If you want to control time, then manage competently (aye, there's the rub) the "have to do" tasks by HOW they are done. Prioritize the "nice to do" tasks so you get the most bang for the buck, which yes, does involve a WAG at the estimate.
I've recently seen one developer go off on some obscure tangent of technology (that only he knew about) to write what sounded like little more than a parser. What's insane is that his manager didn't discuss what the problem was and his recommended approach for solving it. Nor did the developer talk to the rest of the team. It was several weeks before we discovered this "waste of time", and by then it was too late.
Management is not about estimation and pretty PowerPoint slides that they use to BS their management with. The worst scenario (and I've worked in many) is that a company doesn't fully grasp the investment needed (time and $) required, yet they have this idea that because they have some smart people it should be cheap. Ultimately, it's a lack of communication between management and developers, and quite frankly, I think we developers fail in that communication quite a bit!
Intelligent discourse in the Lounge? How dare you!
Panic, Chaos, Destruction. My work here is done.
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Have a bit more patience with newbies. Of course some of them act dumb - they're often *students*, for heaven's sake - Terry Pratchett
Management is not about estimation and pretty PowerPoint slides that they use to
BS their management with.
Most management cannot differentiate between managing tasks and managing projects.
And I only say most because I hope that one such exists.
Managing tasks is the process of defining, estimating and tracking actual parts of some delivrable. Managing a project is the process of tracking delivery expections and fitting the task planning into that. Trying to managing them as one is very likely to represent the difference is not understood. One uses task management and the prunning of it to better fit project expectations.
I would broadly agree with this. Rough estimates of when I'd like to get something off my pile are okay but anything else is just nonsense. Non-technical project managers use estimates like cudgels to beat developers with - very, very unproductive. Sure, I can tell you roughly how long a job might take under perfect conditions but when was the last time you worked under perfect conditions? Never, would be my guess.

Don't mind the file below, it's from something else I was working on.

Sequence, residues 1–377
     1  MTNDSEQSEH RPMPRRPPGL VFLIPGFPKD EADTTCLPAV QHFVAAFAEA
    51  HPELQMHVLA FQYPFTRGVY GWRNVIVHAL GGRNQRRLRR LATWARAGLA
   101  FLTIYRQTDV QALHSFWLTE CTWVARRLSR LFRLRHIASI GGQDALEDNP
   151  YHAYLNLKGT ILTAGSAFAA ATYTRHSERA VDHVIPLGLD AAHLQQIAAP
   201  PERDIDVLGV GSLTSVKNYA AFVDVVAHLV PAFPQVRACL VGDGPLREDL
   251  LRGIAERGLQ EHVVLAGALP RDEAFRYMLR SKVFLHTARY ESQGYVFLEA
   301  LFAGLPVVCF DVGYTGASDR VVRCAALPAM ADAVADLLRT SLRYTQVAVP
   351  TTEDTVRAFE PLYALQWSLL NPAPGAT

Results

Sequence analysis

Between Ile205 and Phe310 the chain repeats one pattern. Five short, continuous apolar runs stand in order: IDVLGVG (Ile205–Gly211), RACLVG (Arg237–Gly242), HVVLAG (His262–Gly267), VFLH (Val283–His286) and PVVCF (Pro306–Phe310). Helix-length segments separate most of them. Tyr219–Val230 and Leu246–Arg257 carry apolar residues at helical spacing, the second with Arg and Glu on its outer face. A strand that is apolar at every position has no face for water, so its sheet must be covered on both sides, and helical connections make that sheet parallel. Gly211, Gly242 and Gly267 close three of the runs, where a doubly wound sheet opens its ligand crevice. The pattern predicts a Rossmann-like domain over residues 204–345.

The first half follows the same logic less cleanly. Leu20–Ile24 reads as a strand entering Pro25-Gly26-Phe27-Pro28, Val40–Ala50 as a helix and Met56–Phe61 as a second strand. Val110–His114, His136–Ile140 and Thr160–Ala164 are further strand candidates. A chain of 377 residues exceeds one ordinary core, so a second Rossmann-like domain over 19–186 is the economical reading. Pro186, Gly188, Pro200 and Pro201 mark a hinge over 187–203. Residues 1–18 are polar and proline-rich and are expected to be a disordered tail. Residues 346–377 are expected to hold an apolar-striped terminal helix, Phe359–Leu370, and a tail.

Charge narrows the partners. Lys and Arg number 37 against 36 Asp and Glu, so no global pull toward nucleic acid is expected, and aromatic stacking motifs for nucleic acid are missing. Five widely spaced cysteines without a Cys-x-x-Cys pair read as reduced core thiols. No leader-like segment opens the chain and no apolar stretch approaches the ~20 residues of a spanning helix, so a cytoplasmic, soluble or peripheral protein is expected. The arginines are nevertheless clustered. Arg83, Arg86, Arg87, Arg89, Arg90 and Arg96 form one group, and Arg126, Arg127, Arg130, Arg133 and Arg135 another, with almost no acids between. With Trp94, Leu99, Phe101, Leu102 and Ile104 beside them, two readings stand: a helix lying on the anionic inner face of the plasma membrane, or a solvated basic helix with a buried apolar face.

"If you think it's expensive to hire a professional to do the job, wait until you hire an amateur." Red Adair. nils illegitimus carborundum
Any work sufficiently interesting will be very hard to estimate time for. It's a sad day when you only work on things with no novelty or variability. Sure, I can produce an estimate, but the actual work may vary from that estimate by 300%.
I worked in a group where program managers were held to within 5% of their project estimates. Corporate spent lots of money on consultants and tools. We spent several years being micromanaged daily by having to spend an hour or so a day updating our status into the tools. The result was the program managers could watch the forecasts (we called them wiggle charts) get larger day by day. So they knew exactly when they had exceeded their 5% margin of error.
After the first set of program managers moved on because of missing their targets, the next set of program managers came up with a clever solution. They institutionalized sandbagging. The result was that nobody got fired, but we couldn't actually do anything because the estimated cost of any project was astronomical. The result was that no project appeared to make financial sense - clearly that was wrong too.
Now we use scrum. Though it has issues too (like not begin able to accurately estimate end dates), but from an engineering point of view it's much better than most other processes that we've tried and discarded.
I agree that micro-estimations are a liability, but I don;t get much work at all without an upfront estimation, and I often lose there, so I'm moving toward a staggered delivery with an estimation for each phase, which is a step back toward micro-estimations.